U.S. ratification of UNCLOS would give United Nations ability to impose tax on U.S. citizens
UNCLOS uniquely gives the United Nations the ability to impose a tax on nations by use of its royalties assessments on the exploitation of oil and gas reserves.
As stated earlier, of the many precedents embodied in the existence of the ISA, the creation of an international bureaucracy with powers to tax, regulate, and enforce its will are perhaps the most dramatic and, in the long term, the most dangerous. The granting of what are essentially sovereign powers is unprecedented and unfortunately fits within a larger pattern of UN behavior-that being, to free itself from the political domination of the five permanent members of the Security Council as well as to insulate itself from the uncertainties and political limitations accompanying the traditional state-sponsored financing of UN operations.
Secretary General Boutros-Boutros Ghali recently proposed to establish a "world tax" on airline tickets and currency exchanges as an independent means of financing the UN. "Faced with $2.3 billion in arrears from member nations that failed to pay their assessments -- including $1.2 billion owed by the United States -- UN officials and others have long sought an independent means to raise money for the organization's annual budget of roughly $3 billion" (Barber 1996). Disclosure of this plan provoked an immediate negative response in the U.S. Senate when majority leader Bob Dole stated that, "the United Nations continues its out-of-control pursuit of power" and along with colleagues called for an immediate investigation (Barber 1996).
Unfortunately, the Law of the Sea Treaty goes far beyond the Ghali plan and may indeed be viewed as a harbinger of future UN efforts to spin-off or reformulate its activities in such a way as to insulate itself from, and possibly become ascendant to, the sovereign character of nation-states. Unless the United States is willing to insist on further renegotiation of the treaty to protect these and other vital interests, the Senate will have little alternative other than rejection and refusal to ratify. Rejection by the Senate appears to be the only action capable of serving as the catalyst to bring all parties back to the table.
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Problem #3: A step in the direction of international taxing authority. The Convention contains an ill-advised revenue-sharing provision that is applied to income derived from oil and gas production outside the EEZ. The general bias in the Convention, as I indicated earlier, is in favor of the redistribution of seabed resources. This bias is codified in the area of oil and gas revenues. The U.S. will be forced to pay a contribution to the International Sea-Bed Authority created by the treaty based on a percentage of its production in the applicable area beyond the 200-mile limit.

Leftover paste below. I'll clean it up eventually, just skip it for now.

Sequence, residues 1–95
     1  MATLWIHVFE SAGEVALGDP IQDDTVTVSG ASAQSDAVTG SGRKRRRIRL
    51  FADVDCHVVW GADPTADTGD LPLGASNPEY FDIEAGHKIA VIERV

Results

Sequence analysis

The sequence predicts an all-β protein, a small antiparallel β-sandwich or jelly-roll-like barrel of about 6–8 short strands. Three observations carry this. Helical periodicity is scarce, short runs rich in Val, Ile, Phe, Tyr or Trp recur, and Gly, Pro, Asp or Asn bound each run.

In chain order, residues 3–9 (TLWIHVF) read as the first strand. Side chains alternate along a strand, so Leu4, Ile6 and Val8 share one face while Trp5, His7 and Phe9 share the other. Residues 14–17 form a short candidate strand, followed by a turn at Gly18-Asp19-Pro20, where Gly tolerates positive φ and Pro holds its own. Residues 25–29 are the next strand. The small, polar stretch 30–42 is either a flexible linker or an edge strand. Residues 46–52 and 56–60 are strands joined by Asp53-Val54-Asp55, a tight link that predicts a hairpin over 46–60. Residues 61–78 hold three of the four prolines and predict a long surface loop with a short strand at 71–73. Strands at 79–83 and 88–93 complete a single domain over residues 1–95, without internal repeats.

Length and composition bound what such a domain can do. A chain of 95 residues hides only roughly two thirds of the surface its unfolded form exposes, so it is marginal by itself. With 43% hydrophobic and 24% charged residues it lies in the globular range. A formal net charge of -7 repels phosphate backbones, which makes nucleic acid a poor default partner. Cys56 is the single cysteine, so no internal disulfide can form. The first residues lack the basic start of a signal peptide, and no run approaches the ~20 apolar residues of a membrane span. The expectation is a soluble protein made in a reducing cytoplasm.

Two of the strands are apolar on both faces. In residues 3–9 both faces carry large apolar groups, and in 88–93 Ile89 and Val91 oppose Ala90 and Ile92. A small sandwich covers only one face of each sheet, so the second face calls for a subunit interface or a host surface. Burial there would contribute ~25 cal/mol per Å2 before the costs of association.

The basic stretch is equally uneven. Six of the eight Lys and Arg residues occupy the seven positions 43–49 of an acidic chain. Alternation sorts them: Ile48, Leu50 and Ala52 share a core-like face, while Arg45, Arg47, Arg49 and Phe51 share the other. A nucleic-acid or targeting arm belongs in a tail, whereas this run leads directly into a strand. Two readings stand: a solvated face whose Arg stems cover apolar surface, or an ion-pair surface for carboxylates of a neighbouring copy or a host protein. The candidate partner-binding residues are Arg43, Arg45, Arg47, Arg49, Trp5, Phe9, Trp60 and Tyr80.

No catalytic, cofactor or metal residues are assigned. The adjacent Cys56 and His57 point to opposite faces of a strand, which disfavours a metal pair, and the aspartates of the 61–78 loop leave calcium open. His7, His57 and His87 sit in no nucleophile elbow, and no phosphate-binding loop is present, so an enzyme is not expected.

While he asserted the argument against this revenue-sharing provision was unconvincing, State Department Legal Advisor William H. Taft IV acknowledged it was an argument that could be made in the course of October 21, 2003 testimony before the Senate Foreign Relations Committee. Mr. Taft understates the problem. By any reasonable definition, this provision would for the first time allow a U.N.-affiliated international authority to impose a tax directly on the U.S. for economic activity. At least, I am unaware of any precedent for this kind of international taxing authority.
Shoring up the state system, as recommended by former Secretary of State Shultz, means that international institutions should be funded by the voluntary contributions of their member states. The extent to which these international institutions are allowed access to independent streams of revenue is the extent to which they will seek to obtain governing authority at the expense of the state system. While the revenue-sharing provision related to oil and gas production in the Convention is a relatively modest step in this direction, it is still a step in the wrong direction.
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How about taxing authority? This will be the first time that an international organization has explicitly been given the ability to raise revenues." Now John Moore will quibble, I suspect based on past experience with him, that this is not really a tax. These are fees; these are tithings of some kind, permitting obligations.'" Whatever its name; we would begiving to a U.N. organization the ability to raise its own revenues. And this is going to have precedential implications, especially at a moment when the U.N. is angling to try to find other ways to raise revenues, starting with airline taxes that are already being imposed by some in order to pay for unobjectionable things like AIDS and tuberculosis and other medical treatments through U.N. facilities." That is something conservatives should be concerned about, especially since it ensures that the U.N. will be even less accountable than it is today when it relies on us for a quarter of its funding.